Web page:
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Acute and cumulative effects of focused high-frequency vibrations on the endocrine system and muscle strength

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An Erratum to this article was published on 26 September 2013

Abstract

The purpose of this study was to evaluate the acute and long-term effects of local high-intensity vibration (HLV, f = 300 Hz) on muscle performance and blood hormone concentrations in healthy young men. Totally 18 subjects (cV group) were studied in two sessions, either without (control) or with HLV treatment. The protocol was the same on both control and test days, except that, in the second session, subjects underwent HLV treatment. Counter-movement jumping (CMJ), maximal isometric voluntary contraction (MVC) test, and hormonal levels were measured before the procedure, immediately thereafter, and 1 h later. To assess the long-term effects of HLV, the cV group was subjected to HLV on the leg muscles for 4 weeks, and a second group (cR group, n = 18) embarked upon a resistance training program. All subjects underwent an MVC test and an isokinetic (100 deg/s) test before training, 4 weeks after training, and 2 months after the end of training. The HLV protocol significantly increased the serum level of growth hormone (GH, P < 0.05) and creatine phosphokinase (CPK, P < 0.05), and decreased the level of cortisol (P < 0.05). None of GH, CPK or testosterone levels were altered in controls. There was a significant improvement in MVC (P < 0.05). After 4 weeks, both the cV and cR groups demonstrated significant improvement in MVC and isokinetic tests (P < 0.05). This increase persisted for at least 2 months. Our results indicate that HLV influences the levels of particular hormones and improves neuromuscular performance. Our results indicate that HLV has a long-term beneficial effect comparable to that of resistance training.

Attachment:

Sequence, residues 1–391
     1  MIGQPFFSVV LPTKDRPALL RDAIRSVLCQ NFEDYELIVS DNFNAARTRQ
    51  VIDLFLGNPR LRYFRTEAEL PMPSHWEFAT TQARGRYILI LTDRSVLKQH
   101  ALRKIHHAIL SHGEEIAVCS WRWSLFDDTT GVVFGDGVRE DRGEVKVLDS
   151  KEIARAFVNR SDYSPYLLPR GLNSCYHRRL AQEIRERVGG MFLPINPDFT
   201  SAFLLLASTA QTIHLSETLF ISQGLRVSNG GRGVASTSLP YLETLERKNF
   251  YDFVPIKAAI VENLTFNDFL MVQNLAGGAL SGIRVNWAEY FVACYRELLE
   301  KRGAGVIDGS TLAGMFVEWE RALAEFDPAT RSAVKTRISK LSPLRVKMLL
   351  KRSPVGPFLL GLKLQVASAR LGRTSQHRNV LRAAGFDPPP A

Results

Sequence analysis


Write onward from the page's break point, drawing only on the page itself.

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Correspondence to Raoul Saggini.

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Communicated by Susan Ward.

An erratum to this article is available at http://dx.doi.org/10.1007/s00421-013-2729-1.

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Iodice, P., Bellomo, R.G., Gialluca, G. et al. Acute and cumulative effects of focused high-frequency vibrations on the endocrine system and muscle strength. Eur J Appl Physiol 111, 897–904 (2011). https://doi.org/10.1007/s00421-010-1677-2

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